At a time when solid returns of any sort are hard to come by, it's not surprising to see market participants reaching for risk.
Hence the popularity this year of "dedicated short bias funds," Wall Street-speak for funds that blend strategies but on bias are betting against the stock market going higher.
Some $4 billion in net funds have flowed to this class of funds in 2015, according to Convergex's chief market strategist, Nick Colas, citing Lipper data. That makes it the third most popular of all the so-called liquid alternatives, or liquid alt, strategies that use hedge fund approaches but are packaged in mutual and exchange-traded funds (making them more "liquid" than traditional hedge funds).
The inflows come as investors have pulled more than $44 billion from the ETF.
No wonder: Short bias returns this year have been stellar, with the funds gaining 16.2 percent in a third quarter that saw the benchmark stock index tumble 7 percent, Colas said. Through the first three quarters, short bias returned 6 percent, a period during which the S&P 500 fell nearly 7 percent.
Sounds great, right?
Well, the problem, of course, is that there's substantial risk involved with being short the market at any time, but especially with these types of funds. That's because many of them use leverage and complicated approaches to achieve their gains, heightening the damage they can cause when the trade turns the other way. October is a good example, with stocks in sharp rally mode and short equity strategies taking a beating.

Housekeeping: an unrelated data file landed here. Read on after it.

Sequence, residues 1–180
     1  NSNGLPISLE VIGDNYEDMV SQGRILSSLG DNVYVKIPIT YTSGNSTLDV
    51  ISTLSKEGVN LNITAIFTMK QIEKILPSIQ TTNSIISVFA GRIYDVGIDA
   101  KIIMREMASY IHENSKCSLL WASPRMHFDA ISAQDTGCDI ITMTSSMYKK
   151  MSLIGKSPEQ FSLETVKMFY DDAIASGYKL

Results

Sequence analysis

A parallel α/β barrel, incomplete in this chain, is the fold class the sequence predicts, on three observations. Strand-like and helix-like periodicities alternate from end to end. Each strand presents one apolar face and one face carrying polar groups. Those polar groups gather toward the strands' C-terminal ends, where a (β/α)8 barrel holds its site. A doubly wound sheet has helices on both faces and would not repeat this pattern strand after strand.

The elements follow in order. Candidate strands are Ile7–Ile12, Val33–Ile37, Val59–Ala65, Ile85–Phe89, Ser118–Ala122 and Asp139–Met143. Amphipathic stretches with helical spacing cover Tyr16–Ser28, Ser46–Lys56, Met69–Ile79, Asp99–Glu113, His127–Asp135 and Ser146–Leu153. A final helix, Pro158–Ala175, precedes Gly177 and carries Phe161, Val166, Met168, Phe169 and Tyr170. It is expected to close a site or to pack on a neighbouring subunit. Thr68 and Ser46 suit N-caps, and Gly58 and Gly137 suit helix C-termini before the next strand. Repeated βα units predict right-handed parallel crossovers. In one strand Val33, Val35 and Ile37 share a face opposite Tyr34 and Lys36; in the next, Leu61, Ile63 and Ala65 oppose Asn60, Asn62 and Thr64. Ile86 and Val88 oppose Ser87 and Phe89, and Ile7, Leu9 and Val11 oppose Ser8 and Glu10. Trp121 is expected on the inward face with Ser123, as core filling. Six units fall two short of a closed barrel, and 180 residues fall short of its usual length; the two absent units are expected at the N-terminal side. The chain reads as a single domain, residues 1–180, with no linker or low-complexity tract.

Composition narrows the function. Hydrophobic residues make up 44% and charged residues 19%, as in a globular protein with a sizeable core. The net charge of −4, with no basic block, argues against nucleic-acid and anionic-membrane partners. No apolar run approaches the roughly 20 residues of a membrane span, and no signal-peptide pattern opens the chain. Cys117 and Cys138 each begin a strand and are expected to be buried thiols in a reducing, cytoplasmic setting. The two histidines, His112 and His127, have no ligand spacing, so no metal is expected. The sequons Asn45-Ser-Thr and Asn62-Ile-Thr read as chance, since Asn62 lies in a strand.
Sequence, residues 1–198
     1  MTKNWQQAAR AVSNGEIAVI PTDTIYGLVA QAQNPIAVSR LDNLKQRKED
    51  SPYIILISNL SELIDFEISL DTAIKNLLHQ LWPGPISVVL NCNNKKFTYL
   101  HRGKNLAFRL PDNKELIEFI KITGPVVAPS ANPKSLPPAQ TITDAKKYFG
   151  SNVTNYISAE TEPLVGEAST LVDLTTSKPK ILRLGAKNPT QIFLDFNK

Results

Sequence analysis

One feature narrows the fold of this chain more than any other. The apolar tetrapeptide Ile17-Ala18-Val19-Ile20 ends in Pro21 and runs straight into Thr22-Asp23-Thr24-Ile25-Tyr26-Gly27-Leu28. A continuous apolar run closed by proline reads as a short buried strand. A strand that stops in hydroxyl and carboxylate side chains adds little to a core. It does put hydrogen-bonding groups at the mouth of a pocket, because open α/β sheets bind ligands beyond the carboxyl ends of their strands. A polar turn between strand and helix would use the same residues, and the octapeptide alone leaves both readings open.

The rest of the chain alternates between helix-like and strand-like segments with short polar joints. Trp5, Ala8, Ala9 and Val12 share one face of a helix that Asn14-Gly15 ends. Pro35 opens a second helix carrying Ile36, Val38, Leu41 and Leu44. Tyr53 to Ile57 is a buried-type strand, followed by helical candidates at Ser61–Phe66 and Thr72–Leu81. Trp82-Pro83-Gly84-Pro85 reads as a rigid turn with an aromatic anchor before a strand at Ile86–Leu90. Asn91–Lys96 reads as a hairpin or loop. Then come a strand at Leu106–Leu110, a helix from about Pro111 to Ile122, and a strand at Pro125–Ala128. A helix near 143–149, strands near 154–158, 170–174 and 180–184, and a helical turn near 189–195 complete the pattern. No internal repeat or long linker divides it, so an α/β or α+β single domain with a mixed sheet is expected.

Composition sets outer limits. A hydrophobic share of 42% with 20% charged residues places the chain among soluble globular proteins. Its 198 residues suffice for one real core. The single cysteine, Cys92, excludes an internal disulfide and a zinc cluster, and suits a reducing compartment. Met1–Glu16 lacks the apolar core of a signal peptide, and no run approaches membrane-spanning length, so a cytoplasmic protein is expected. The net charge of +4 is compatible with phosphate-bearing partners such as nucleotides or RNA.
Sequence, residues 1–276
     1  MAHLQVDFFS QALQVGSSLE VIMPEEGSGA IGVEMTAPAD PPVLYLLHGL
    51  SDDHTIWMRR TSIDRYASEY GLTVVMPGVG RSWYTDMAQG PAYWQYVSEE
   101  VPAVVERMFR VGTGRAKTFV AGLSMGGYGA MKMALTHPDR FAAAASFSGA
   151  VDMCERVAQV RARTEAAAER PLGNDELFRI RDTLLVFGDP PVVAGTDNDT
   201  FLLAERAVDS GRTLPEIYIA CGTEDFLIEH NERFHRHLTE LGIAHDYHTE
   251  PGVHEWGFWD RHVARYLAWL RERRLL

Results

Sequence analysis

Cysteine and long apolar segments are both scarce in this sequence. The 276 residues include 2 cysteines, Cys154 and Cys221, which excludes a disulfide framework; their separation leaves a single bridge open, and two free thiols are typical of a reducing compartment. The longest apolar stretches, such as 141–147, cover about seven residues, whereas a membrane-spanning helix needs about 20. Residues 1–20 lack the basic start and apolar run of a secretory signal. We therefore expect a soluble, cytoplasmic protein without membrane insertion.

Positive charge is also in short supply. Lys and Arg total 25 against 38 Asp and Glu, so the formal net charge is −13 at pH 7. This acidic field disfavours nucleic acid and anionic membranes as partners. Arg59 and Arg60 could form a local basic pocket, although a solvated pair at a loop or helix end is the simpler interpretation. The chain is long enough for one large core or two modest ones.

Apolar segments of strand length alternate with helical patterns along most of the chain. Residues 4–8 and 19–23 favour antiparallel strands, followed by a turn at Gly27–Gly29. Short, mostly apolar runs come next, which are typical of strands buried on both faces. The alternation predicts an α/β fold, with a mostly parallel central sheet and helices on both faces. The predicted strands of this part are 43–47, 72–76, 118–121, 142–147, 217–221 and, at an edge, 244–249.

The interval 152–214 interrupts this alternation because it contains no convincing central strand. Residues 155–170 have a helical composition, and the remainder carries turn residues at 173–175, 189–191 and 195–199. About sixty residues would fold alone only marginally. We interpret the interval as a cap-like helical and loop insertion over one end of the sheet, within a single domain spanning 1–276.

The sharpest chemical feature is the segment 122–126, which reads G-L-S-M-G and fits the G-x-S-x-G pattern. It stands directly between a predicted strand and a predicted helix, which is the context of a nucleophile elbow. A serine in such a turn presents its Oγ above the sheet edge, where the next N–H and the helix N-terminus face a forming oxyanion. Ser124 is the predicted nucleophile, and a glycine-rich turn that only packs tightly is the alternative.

"These fund descriptions highlight the high degree of leverage embedded in these strategies," Colas wrote. "They are designed to be mostly short-term holdings and require robust research and risk management, as they have the potential to earn rapid and significant gains or losses."
In fairness, the short bias funds are a bit less risky than some others on the market. "Dedicated short bias" implies a blend of strategies that are only net-short the market, while "dedicated short" strategies are specifically dedicated to betting against portions of the market. Hence, dedicated short bias should at least reduce risks.
However, they still aren't for the faint of heart, and many come with warnings that they are strictly for trading and not to be used as part of a buy-and-hold strategy. Many also carry higher fees than other funds.
As part of his note on the topic, Colas compared the use of short bias funds to contestants on reality shows like "Fear Factor" which used to run on NBC (CNBC's parent) and required performing outrageous acts to win competitions.
"When used prudently, traders can employ these strategies for tactical positions and tail risk hedging," he said. "Just keep in mind that these funds have the widest dispersion of returns among all Lipper's liquid alt classifications. That can be a lot to stomach, probably more so than even drinking a raw ostrich egg on a TV show."